“With commercials, there is a limit to how much creative there is in a job,” he explains. “They are concepted from on high and my job is to execute the vision. There’s a lot of satisfaction in that. You’re freed up a little bit to explore when you’re executing someone else’s idea.”
Macon officially joined ONE at Optimus last week. He considers it to be the “perfect hybrid” to satisfy his passion for commercial production and feed his jones for indie filmmaking.
“Optimus is the place to really shake things up and work with people I know well,” he says. “I couldn’t wrap my head around going to a company that didn’t have in-house editorial.”
A graduate of the UW Milwaukee Film School, Macon broke into the Chicago production scene years ago with support from his high school buddy and former “shooting partner in crime,” Jonah Mueller, who introduced him to Lisa Masseur. At the time, Mueller and Masseur were coworkers at Radar Studios. Today, they are executive producer and managing director at Optimus.
“It was like 2008,” Macon recalls. “Lisa was trying to expand Radar’s roster. Eventually, I shot enough stuff to put my name in the hat.”
Among the stuff that got his name in the hat were music videos featuring his signature animation and an entry for the Dorito’s 2007 “Crash the Super Bowl” contest. The 30-second spot plays like an episode of COPS. It scored well with online audiences, but didn’t take first place. That doesn’t bother Macon.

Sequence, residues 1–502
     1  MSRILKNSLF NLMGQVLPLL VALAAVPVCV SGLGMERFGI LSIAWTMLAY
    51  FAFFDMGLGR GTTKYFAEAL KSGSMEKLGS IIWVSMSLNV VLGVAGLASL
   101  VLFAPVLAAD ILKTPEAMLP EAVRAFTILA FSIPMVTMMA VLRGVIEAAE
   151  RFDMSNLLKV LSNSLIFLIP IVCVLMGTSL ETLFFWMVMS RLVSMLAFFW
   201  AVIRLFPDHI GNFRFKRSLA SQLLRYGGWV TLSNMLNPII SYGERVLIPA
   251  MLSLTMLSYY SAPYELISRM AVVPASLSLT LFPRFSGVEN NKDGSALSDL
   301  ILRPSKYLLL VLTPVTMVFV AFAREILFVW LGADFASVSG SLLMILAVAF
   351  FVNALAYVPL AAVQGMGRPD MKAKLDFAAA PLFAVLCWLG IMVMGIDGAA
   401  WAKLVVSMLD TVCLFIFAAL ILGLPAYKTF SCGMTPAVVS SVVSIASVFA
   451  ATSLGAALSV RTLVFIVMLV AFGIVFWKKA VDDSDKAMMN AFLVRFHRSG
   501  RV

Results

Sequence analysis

“We replaced drugs with Doritos,” he says. “They get flushed down the toilet. I’m not surprised it didn’t win.”
It did, however, help him get noticed.
“Not only is Sam great at comedy, documentary and lifestyle shooting for brands,” explains Masseur, who worked with Macon for years at Radar before bringing him into Optimus, “but he’s also a noted long form filmmaker whose documentary feature Sign Painters has been widely acclaimed.”
Sign Painters is a film about the glory, downfall and resurrection of the sign painting industry that Macon co-wrote and co-directed with Faythe Levine in 2014. Radar handled production. The Boston Glob’s Mark Feeny described it as “fresh, passionate and unexpected.”
In 2015, Macon relocated to LA. Although production takes him “back in Chicago all the time,” his new home offers the opportunity “to take a step back and focus on larger projects.”
“The commercial aspects (of the two cities) are relatively similar,” he says. “But in LA, the majority of my off-time is spent writing and getting projects up and going.”
One of the projects he’s currently pursuing is a music video for the song, “Spiritual America,” which he describes as a “dark, pop rock tune” by musician and artist Arjan Miranda.
“The central premise is that four ghosts come around this table floating in darkness and they draw a six-foot by six-foot picture,” he says. “Within the picture is a narrative of humanity praying to false idols and giving in to greed. When the ghosts step back and observe what they’ve done wrong, there is a rebuilding of positivity.”
Most of the footage has already been shot. It will be edited by Carl Schumacher, who works at Optimus, of course.